How Barbaric were the “Barbarians”? The Mongols were nomadic people who lived off of meat, horse hide, and milk. Genghis Khan’s leadership was the awakening of the Mongol success. Under the guidance of the Great Khan, the Mongol empire thrived and expanded.
During the 13th century, a group of pastoralists would band up to form The Mongol Empire. The Mongols were based in Central Asia and spread fear all over by overwhelming their enemies. They would conquer enough to be the largest empire known to mad. However, despite the evidence that suggests the mongols were vicious, they should be seen as civilized due to having a structured military, having exceptional infrastructure, and having a law system. Before mentioning their civility, the mongols were definitely brutal.
How Barbaric were the Barbarians? The Mongols were a powerful people from what is now present day Mongolia, however what they are most notable for their horrifically violent military campaigns. During the time of the Mongol empire from 1206 to 1364 c.a., they committed many atrocities actions and throughout history they have been accused of being barbarians. However, despite their actions the Mongols were not barbarians as they exhibited an organized military, and advanced culture organized by a well developed system of laws.
Genghis Khan ambles through the streets of peaceful Karakorum, greeting all his steadfast warriors. Among the Mongols are thousands of Chinese, Russians, Polish, Hungarians, and many more flooding the streets. Ordinarily, all of these people are going somewhere: to the glorious temples, the bustling markets, or to the distinguished Genghis Khan walking through his empire. The Mongol Empire, built with Genghis 's own blood, sweat, and unyielding perseverance, was what he dreamed the world could be, what he believed it would be. Genghis Khan led the Mongols not just to victory but assisted in the development of our world today.
Alex Edwards Block 7 4/4/15 Mongols A group of nomadic tribes in the Mongolian steppes become a strong barbaric power under the unification of one powerful leader. This group lead the conquests to create the largest land empire. The empire split into four Khanates permanently forging the modern political environment of today. The vast size doomed it to fragmentation.
If Mongol khan Ogedei had not died I don’t see the Mongolians defeating Western Europe. The only way I see a defeat is if the Mongols established vassal states with other European countries. Western Europe had castles and fortresses to their advantage and the terrain was vastly different from the steppes of Central Asia, Eastern Europe and Russia. Although, one of the great strengths of the Mongolians were their “adaptability to local conditions” (textbook, pg 259). The invasion of Poland in 1241 “the battle of Liegnitz” (textbook, 256) was far from the rolling steppes of Central Asia.
The Mongols, a native asian tribe, eight hundred years ago conquered much of the known world. Said tribe originated from the grasslands of central asia and went on to become one of the most successful and most conversed about castes in history. The story of the mongols, however, is one that is quite difficult to tell. The Mongols were an illiterate clan, making it close to impossible to receive a message in full context, much like the telephone game nowadays were a message is spread through many individuals until reaching the final destination. For hundreds of years the Mongols have been a center of debate for many history related discussions, though the common conclusion is yes, the mongols were a barbaric tribe, that’s not really the case, and it’s backed by facts.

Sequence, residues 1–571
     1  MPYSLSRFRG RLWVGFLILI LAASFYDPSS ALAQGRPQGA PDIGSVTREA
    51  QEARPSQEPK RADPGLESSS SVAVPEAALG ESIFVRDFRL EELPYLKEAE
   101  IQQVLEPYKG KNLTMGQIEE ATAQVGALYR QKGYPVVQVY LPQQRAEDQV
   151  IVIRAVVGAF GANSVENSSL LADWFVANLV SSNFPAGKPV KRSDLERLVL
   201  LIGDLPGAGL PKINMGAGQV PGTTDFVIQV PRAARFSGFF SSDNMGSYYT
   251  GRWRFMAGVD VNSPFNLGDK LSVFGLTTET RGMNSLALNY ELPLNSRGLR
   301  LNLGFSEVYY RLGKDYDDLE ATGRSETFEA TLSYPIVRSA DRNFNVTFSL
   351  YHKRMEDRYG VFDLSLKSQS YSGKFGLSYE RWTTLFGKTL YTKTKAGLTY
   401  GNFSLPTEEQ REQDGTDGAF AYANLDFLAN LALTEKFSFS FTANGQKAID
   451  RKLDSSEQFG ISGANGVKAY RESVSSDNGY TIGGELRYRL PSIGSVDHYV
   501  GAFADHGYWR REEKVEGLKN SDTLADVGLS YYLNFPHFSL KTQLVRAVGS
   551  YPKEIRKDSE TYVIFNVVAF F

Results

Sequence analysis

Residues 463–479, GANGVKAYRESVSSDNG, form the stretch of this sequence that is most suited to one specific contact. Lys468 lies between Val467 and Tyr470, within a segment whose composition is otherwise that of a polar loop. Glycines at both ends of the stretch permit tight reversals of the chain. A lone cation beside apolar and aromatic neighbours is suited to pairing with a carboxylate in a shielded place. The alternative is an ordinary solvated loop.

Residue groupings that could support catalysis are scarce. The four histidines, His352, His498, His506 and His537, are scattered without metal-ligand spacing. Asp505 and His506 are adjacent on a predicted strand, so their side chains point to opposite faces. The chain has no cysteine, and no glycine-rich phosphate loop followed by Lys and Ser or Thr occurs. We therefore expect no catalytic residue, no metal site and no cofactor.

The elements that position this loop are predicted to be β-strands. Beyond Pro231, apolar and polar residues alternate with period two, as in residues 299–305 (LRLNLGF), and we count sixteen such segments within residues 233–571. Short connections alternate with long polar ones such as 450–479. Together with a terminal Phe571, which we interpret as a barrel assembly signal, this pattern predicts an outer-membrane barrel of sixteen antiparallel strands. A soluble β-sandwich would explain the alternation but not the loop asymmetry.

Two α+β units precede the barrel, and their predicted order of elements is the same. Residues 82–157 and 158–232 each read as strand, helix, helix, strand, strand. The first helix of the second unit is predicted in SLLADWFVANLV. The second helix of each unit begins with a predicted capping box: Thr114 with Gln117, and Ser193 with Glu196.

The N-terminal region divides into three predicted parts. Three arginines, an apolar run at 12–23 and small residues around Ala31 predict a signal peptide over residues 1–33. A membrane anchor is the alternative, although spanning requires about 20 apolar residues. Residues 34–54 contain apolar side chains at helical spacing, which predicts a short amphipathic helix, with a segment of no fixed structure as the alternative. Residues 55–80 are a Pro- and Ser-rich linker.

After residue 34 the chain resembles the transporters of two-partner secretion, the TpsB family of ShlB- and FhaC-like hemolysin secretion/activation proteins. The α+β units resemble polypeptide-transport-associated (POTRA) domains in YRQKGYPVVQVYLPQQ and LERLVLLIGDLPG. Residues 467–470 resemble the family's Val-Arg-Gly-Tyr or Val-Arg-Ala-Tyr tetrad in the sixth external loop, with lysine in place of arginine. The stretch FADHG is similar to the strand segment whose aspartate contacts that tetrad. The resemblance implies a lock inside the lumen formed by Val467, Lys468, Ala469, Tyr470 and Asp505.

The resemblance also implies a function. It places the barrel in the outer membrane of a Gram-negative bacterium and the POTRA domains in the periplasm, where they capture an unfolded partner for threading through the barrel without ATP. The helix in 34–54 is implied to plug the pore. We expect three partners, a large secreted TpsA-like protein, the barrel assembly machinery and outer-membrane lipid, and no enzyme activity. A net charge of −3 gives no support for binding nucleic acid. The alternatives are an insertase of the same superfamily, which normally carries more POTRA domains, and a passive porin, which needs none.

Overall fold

When the Yuan dynasty ruled China, the Mongols controlled land that included their homeland to the north. Through trade routes they were connected to the rest of the Mongol empires that lay to the west and to the Middle East and Europe. Since the Mongols and their allies ruled most of central Asia, they had little need to reinforce their defenses and did little to maintain the Great Wall. The early Ming emperors pushed the Mongols and other nomadic tribes north and secured their borders.
Strength, ruthless, fearless, these words can describe the Mongol Empire. They put a mark on history which shaped the whole basis of interaction between civilizations. One expedition is the Sack of Baghdad. The Mongol sack of Baghdad of 1258 is a turning point in world history because it destroyed the Islamic Golden Age by destroying their society, killing their citizens and their knowledge.
The Mongols were a clan of people who showed their barbarism through inflicting ruthless fear tactics, killing hundred thousands of people, and living by a set of uncivilized rules and barbarous body of laws. Mongols had countless ways of forcing fear not only on their enemies but among their own people as well. The Mongols number one method in ensuring that their people will stay in line is by threatening death upon them. If a few, in battle, flee from the enemy the entire group gets killed, unless they return back and in this case only the ones who originally fled are killed. If one or two from a group goes bravely towards the enemy, and others don’t follow, they are killed.
How Barbaric were the Barbarians? The Mongols were a barbaric peoples that reigned with cruelty. They displayed their barbaric tendencies showed through in their invasion and destruction of Nishapur, Persia, their methods of execution, and their rules. Throughout all these events and topics, the Mongols show an extreme level of cruelty, shown by no other before them.
The Mongols were a violent group of people. They raided, killed and slaughtered many villages and kingdoms. Many lives were lost by the hand of Genghis Khan. Genghis Khan was not very negotiable but was at times. Below are written about how brutal Genghis Khan was.